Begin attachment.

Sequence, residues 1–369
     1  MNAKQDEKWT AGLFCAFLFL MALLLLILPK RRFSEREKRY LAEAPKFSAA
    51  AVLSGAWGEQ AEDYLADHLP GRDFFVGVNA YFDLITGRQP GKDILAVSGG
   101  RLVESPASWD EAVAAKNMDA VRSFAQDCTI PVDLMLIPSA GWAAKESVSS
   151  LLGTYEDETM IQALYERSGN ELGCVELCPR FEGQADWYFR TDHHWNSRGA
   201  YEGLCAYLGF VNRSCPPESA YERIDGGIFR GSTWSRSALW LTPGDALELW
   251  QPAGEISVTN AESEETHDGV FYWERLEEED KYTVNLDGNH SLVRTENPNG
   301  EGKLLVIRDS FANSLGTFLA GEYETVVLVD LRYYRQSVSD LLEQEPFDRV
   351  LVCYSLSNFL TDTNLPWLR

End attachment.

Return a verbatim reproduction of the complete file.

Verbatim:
Sequence, residues 1–369
     1  MNAKQDEKWT AGLFCAFLFL MALLLLILPK RRFSEREKRY LAEAPKFSAA
    51  AVLSGAWGEQ AEDYLADHLP GRDFFVGVNA YFDLITGRQP GKDILAVSGG
   101  RLVESPASWD EAVAAKNMDA VRSFAQDCTI PVDLMLIPSA GWAAKESVSS
   151  LLGTYEDETM IQALYERSGN ELGCVELCPR FEGQADWYFR TDHHWNSRGA
   201  YEGLCAYLGF VNRSCPPESA YERIDGGIFR GSTWSRSALW LTPGDALELW
   251  QPAGEISVTN AESEETHDGV FYWERLEEED KYTVNLDGNH SLVRTENPNG
   301  EGKLLVIRDS FANSLGTFLA GEYETVVLVD LRYYRQSVSD LLEQEPFDRV
   351  LVCYSLSNFL TDTNLPWLR